10 of the Easiest Classes at Brandeis University

College is indeed the time to find yourself in the world. But it could include an enormous amount of stress too. What better way to deal with your busy class schedule than taking easier courses that will help you transition and develop yourself? Here are the 10 of the easiest courses you can take at Brandeis University.

1. WGS 166A – Gender, Sexuality, and Social Media

Asks how gender, sexuality, race, dis/ability, class, and other intersections of identity impact how we use and appear on social media. Early internet theorists imagined the World Wide Web as a “free” society, where “bodily” issues such as race, gender, and disability would somehow disappear. However, these identities have not vanished; in fact, we might argue that they remain even more potent in today’s age of constant media connection. We will explore feminist theories of media, gender, sexuality, and race, as well as applying these theories to current events online. Students will explore the boundaries of digital activism, question the ways we continue to be embodied online, and consider power relations, discipline, and surveillance

2. MUS 1A – Exploring Music

A general introduction to the materials and forms of music and their role in human social life with examples drawn from around the world. Training in analytical listening, based on selected listening assignments. Open to non-majors who are assumed to have little or no previous knowledge of music.

3. HWL 35 – Power Walking

Counts as one-half activity course toward the physical education requirement. Fulfils one Mind and Body Balance module for the Health, Wellness and Life Skills requirement. Designed to help increase the fitness level of students through a high-intensity, low-impact workout. The workout consists of walking with hand-held weights

4. THA 110B – Modern Dance and Movement

Offers a variety of fundamental dance/movement methods, while focusing primarily on the basic forms and movement vocabulary of Modern Dance. Students will learn to appreciate modern dance as a valuable art form and engage in collaborative creative projects, history, research, and a variety of choreographic styles. Students will develop physical and mental strength and flexibility by participating in warm-ups, traveling phrases across the floor, combinations, and structured improvisations.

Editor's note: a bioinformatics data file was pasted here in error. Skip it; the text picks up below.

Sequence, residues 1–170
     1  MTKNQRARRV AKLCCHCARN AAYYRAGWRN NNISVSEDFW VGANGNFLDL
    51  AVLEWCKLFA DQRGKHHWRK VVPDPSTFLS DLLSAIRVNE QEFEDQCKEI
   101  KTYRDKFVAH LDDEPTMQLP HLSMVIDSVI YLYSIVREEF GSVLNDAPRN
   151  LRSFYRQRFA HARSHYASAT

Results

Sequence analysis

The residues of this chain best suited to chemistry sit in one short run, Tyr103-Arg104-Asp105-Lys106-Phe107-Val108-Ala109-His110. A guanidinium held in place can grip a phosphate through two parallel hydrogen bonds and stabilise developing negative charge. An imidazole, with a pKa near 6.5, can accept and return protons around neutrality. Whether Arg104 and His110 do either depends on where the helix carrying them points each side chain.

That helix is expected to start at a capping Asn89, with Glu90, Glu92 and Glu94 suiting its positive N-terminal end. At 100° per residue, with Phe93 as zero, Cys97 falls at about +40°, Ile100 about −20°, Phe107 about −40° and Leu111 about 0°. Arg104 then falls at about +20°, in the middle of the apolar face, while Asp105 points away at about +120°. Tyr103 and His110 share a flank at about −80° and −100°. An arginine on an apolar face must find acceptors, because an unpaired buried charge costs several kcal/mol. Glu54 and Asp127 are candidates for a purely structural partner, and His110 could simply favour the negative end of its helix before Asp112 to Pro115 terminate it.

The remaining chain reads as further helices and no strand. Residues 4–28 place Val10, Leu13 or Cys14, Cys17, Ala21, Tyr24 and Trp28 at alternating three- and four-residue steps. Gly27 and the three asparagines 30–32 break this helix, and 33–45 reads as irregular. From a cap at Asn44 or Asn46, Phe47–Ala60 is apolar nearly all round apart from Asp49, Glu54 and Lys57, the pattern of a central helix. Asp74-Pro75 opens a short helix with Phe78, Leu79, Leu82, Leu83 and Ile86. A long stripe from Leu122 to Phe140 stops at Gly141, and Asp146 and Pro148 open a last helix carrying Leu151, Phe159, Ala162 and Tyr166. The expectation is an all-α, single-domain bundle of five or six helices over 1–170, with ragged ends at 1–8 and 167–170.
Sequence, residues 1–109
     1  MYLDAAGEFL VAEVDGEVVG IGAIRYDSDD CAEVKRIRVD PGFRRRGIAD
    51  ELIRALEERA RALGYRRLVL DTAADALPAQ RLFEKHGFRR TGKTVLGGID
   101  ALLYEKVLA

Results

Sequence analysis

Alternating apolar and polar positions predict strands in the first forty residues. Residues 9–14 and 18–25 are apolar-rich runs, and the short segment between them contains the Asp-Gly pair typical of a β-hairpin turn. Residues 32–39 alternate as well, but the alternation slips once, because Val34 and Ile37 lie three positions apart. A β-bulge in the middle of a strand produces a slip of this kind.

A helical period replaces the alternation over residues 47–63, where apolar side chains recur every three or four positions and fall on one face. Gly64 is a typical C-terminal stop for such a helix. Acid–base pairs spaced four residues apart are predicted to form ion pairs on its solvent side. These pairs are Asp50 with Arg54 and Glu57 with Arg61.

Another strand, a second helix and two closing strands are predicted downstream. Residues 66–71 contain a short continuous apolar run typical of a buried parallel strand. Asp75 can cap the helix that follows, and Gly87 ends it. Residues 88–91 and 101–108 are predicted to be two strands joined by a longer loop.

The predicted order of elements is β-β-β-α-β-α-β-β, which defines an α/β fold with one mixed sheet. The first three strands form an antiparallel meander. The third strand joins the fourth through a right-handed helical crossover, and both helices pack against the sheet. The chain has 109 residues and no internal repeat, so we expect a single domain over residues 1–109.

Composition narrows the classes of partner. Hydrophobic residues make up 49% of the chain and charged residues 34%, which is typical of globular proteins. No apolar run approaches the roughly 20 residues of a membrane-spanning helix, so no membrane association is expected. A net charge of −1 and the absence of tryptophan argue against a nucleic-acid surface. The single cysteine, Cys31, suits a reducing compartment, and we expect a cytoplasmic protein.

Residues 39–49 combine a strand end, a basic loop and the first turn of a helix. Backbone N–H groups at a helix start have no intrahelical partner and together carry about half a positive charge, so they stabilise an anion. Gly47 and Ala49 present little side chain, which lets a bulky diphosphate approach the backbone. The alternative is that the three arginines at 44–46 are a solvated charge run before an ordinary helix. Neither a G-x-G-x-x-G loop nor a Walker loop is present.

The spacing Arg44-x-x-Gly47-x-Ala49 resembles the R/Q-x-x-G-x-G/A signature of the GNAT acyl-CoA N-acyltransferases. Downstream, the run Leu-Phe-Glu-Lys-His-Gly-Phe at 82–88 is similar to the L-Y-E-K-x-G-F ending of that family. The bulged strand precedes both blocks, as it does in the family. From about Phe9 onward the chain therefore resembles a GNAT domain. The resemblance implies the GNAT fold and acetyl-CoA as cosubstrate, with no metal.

5. PSYC 33A – Developmental Psychology

An examination of normal child development from conception through adolescence. Course will focus on theoretical issues and processes of development with an emphasis on how biological and environmental influences interact.

6. AAAS 5A – Introduction to African and African American Studies

An interdisciplinary introduction to major topics in African and African American studies. Provides fundamental insights into Africa, the Caribbean, and the Americas through approaches and techniques of social science and the humanities.

7. HWL 8 – Fit Camp

Designed around goal setting, self-improvement and teamwork, this course caters to all fitness levels. Classes will focus on a variety of exercises to build endurance, flexibility, core and overall strength. Individuals will be tested on the first day through a timed mile, the number of push-ups in 1:00 minute and the number of sit-ups in 1:00 minute. The individual will then work with the instructor to go over an obtainable goal to strive for at the end of the semester. At the end of the semester, the individual will retest.

8, ANTH 1A – Introduction to the Comparative Study of Human Societies

Examines the ways human beings construct their lives in a variety of societies. Includes the study of the concept of culture, kinship, and social organization, political economy, gender and sexuality, religion and ritual, symbols and language, social inequalities and social change, and globalization. Consideration of anthropological research methods and approaches to cross-cultural analysis.

9. CHEM 11A – General Chemistry I

Covers a wide array of topics, embracing aspects of descriptive, as well as quantitative, chemistry. No prior study of chemistry is assumed, as the course begins by looking at the atomic foundation of matter, the elements, and the organization of the periodic table, working its way up to studying how atoms are bonded together to form larger units of matter. Students who complete this course will have an understanding of the three major phases of matter—solids, liquids, and gases—and how they behave, as well as a knowledge of the major types of chemical reactions and how to represent them. A strong focus is put on learning methods of creative problem-solving—using the material as a way to develop creative approaches to solving unfamiliar problems—a skill that carries students far beyond the confines of the classroom.

10. HWL 14 – Yoga

Hatha yoga is physical in nature and is based on proper body alignment and is distinctive in its use of props such as belts, walls, and blankets. Classes start with gentle stretches and work toward more challenging poses.

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